Published: Fri, February 23, 2018
Medical | By Alyssa Little

Study seeks to end antidepressant debate

Study seeks to end antidepressant debate

It reviewed 522 already-published, randomized controlled trials that tested 21 antidepressants on more than 116,000 participants.

"This research should reassure patients who are taking or are contemplating commencing antidepressants, and the doctors that prescribe them, that they are an effective treatment". But, he said, "about 80% of people stop antidepressants within a month". From a scientific perspective though, they're highly contested.

The study, published in The Lancet medical journal, found some differences in the effectiveness of the 21 drugs.

The debate over antidepressants has unfortunately often been ideological, said Cipriani. "Several treatments do seem work better than others", he said. The FDA demands pharmaceutical companies provide data on all the clinical trials they sponsor-including unpublished trials.

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Although important, these results do not answer the question about the long-term effects of antidepressants, and a network meta-analysis approach can not be used on the individual patient level, Sagar V Parikh, MD, department of psychiatry, University of MI, and Sidney H Kennedy, MD, department of psychiatry, University of Toronto, wrote in an accompanying comment. Pharmaceutical companies have very little incentive to publish trials with negative results, and journals also nearly never publish negative results, so published results are skewed towards positivity.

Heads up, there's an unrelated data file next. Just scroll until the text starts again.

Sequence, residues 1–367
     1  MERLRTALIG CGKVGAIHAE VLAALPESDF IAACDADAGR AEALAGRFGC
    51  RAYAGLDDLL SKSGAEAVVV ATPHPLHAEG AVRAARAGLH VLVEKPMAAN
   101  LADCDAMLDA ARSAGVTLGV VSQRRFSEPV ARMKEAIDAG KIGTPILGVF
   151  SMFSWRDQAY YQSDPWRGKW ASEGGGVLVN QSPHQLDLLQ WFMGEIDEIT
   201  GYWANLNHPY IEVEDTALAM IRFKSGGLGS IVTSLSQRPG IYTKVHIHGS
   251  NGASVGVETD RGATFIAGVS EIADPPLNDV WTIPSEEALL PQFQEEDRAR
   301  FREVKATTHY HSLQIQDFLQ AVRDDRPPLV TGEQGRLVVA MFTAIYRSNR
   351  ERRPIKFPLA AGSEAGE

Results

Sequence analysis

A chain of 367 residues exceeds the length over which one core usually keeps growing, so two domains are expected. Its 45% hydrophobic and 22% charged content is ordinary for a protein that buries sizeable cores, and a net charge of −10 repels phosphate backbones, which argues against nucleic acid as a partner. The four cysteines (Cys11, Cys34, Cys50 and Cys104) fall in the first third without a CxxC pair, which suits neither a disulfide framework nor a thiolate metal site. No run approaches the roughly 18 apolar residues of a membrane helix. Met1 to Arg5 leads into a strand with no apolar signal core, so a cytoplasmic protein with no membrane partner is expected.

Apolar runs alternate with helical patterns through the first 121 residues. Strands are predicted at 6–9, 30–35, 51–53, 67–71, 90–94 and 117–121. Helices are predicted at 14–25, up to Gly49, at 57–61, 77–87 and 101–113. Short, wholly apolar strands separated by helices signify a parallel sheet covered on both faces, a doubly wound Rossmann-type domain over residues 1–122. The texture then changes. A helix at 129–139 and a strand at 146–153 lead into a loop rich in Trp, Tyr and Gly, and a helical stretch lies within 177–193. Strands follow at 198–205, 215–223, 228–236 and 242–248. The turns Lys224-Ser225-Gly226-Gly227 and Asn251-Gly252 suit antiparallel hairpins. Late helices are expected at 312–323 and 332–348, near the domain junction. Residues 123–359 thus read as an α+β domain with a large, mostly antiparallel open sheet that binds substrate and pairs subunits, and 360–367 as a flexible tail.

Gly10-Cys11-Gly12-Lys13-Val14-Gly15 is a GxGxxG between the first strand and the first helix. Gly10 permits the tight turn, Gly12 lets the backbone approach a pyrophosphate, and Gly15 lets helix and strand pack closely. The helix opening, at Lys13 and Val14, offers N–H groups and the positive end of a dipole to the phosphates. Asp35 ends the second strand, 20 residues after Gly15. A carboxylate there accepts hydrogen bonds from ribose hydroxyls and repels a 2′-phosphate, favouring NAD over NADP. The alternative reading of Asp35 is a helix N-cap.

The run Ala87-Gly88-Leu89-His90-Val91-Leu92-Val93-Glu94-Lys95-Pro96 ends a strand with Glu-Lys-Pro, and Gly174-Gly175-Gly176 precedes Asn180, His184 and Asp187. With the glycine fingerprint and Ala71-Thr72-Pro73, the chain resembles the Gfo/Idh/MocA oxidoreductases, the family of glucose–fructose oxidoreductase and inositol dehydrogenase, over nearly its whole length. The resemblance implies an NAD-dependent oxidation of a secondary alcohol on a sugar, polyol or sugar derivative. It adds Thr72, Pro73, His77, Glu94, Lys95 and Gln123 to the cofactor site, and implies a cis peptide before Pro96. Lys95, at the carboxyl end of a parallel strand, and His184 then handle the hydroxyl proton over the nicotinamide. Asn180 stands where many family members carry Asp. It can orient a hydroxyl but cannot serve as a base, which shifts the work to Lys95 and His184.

A new study is the largest to date on treating depression in adults.

The study results represent the most comprehensive evidence now available, they wrote. Overall, 9% of the trials included in this meta-analysis were considered as high-risk of bias, 73% as moderate and 18% as low.

If cancer or heart patients suffered this level of under-treatment, there would be a public outcry, they say. Two drugs (agomelatine and fluoxetine) appeared to be better tolerated than placebo, with less dropouts due to side effects, and only one drug (clomipramine) was more poorly tolerated than placebo. "We found that the most commonly used antidepressants are more effective that placebo, with some more effective than others".

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Nowadays, people are more exposed than ever to all kind of depressive actions and environments.

"Some people really respond, some don't respond at all, and everything in between", Steve Hyman, director of the Stanley Center for psychiatric research at the Broad Institute of MIT and Harvard, previously told Quartz.

The data involves meta-analysis covers 8-weeks of treatment. Professor Carmine Pariante, spokesperson for the Royal College of Psychiatrists, said the analysis "finally puts to bed the controversy on antidepressants, clearly showing that these drugs do work in lifting mood and helping most people with depression".

In the U.K, where a number of the study authors are based, at least one million more people could benefit from drugs or psychotherapy, senior author John Geddes said.

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Through examining trials involving almost 120,000 people, including patients taking 21 commonly prescribed antidepressants, the research found all the drugs were more effective than a placebo.

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